Love is a powerful emotion. But understanding love is not always easy. It is possible to love someone who is not great for you, it is possible to fall out of love with someone that is ‘perfect’ for you, and it is possible for you to struggle to feel love despite everything you need being right there in front of you.
Perhaps no emotion causes more issues when it comes to love than a similar emotion: infatuation. Infatuation feels like love – walking on a cloud, adoring your partner – but infatuation itself is not love, and distinguishing the difference can be critical.
There is a reason that the initial stages of a relationship are referred to as the “honeymoon period.” These stages feel intoxicating like a drug, and often occur in the early stages of falling in love.
Infatuation is your mind telling you that this person is making you happy. It is the endorphins you get from all of the great feelings you want in a partner:
During the infatuation period, your whole body is filled with the great feelings that come from meeting someone that makes you happy and fulfilled.
Often infatuation is the first step towards love. Some couples that have been in love for years still feel this high. But infatuation is not yet love. This honeymoon period most often occurs when the couple has yet to face serious challenges, and has not yet “gotten used to” their partner in a way that tests the relationship’s strength.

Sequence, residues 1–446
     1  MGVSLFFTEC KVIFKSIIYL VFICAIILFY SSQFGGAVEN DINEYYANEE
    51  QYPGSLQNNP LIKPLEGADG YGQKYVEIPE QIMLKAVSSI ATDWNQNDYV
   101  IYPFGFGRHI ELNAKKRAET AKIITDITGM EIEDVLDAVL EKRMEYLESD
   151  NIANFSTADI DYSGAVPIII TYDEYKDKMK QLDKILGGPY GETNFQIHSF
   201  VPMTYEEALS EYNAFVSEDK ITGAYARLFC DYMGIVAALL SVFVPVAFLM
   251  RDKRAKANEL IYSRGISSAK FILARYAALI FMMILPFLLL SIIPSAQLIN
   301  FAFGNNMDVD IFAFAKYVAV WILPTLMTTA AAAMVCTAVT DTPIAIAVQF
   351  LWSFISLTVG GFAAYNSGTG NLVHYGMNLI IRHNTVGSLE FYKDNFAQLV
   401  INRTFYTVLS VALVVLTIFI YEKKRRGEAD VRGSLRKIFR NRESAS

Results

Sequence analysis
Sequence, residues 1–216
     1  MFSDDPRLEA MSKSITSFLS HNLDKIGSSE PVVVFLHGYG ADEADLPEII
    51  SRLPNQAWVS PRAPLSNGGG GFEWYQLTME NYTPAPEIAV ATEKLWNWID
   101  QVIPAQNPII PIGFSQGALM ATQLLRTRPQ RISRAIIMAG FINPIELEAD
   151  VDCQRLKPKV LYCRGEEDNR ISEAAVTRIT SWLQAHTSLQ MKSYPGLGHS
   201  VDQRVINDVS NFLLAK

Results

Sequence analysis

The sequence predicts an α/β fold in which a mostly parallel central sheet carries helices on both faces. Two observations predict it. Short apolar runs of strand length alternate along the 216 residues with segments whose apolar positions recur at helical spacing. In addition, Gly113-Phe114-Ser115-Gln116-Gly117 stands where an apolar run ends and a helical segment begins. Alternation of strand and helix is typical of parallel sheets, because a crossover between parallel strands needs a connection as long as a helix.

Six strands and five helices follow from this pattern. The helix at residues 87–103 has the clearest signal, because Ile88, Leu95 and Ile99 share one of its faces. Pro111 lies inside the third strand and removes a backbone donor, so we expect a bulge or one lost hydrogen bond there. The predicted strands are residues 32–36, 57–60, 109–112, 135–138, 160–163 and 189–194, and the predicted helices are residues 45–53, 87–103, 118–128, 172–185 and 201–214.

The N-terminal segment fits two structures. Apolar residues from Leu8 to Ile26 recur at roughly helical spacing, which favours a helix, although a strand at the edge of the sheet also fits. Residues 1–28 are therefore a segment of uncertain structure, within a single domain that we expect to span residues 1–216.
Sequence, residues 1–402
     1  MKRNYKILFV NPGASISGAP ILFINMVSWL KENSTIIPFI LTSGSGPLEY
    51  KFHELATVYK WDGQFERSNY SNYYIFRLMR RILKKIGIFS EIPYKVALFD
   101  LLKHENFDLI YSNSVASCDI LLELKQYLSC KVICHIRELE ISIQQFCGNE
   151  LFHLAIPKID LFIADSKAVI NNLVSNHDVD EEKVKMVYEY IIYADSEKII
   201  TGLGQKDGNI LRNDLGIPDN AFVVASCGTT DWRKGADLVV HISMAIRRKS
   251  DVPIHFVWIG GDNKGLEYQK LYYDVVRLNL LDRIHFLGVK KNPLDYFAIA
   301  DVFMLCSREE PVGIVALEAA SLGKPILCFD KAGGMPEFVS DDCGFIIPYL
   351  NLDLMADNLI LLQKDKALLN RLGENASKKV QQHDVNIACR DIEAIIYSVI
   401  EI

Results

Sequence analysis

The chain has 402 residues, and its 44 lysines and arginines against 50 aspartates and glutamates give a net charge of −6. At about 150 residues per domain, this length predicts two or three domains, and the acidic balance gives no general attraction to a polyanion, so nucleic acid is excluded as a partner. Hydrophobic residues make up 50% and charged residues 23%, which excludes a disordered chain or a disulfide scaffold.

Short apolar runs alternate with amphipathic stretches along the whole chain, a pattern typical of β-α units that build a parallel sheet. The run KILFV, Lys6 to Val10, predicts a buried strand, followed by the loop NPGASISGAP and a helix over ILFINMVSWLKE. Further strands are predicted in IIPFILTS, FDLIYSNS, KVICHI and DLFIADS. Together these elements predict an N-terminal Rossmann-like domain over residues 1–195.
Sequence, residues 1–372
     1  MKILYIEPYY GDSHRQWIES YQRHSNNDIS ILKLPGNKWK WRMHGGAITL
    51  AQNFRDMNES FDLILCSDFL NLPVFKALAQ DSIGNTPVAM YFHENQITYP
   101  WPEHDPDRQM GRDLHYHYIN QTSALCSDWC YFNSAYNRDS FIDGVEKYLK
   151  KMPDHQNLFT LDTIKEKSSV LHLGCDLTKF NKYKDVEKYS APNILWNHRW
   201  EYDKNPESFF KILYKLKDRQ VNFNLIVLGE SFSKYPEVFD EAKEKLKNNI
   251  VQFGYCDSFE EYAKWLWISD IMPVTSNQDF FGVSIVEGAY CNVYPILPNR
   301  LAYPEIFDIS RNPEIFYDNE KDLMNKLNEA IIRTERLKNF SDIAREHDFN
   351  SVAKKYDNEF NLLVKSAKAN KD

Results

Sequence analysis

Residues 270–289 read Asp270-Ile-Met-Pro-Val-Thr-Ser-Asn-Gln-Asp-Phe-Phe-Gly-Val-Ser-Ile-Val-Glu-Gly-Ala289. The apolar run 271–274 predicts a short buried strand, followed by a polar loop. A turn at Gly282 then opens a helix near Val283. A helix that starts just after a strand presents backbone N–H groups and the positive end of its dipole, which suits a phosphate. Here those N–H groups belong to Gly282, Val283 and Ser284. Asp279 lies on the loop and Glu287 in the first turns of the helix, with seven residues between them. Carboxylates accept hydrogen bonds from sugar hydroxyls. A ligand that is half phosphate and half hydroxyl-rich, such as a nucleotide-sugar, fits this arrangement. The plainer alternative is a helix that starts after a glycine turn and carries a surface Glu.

At some point in the relationship, all couples will have problems. Those problems can eat away at this honeymoon period, because no one is imperfect, and problems give rise to imperfections. The key to know if love is there is to see how you two handle these challenges as a couple, and what strength you have together when they are over.
Don’t Let Infatuation Blind You
Some couples are simply great together, and it all started during this honeymoon phase. Almost every happily married couple has a honeymoon phase, as did many unhappy couples. The truth is that it is very hard to know whether or not a relationship will be love simply by infatuation alone, no matter how amazing it feels.
You have to be careful not to let infatuation cause you to make assumptions you may not be able to change, or to blind you to the relationship’s difficulties. Instead, you’ll want to let time take its course. If it is true love, you’ll know by the way you respond to regular, boring life challenges (finances, arguments, snoring), and how close you feel throughout – not by the high you feel early in the relationship.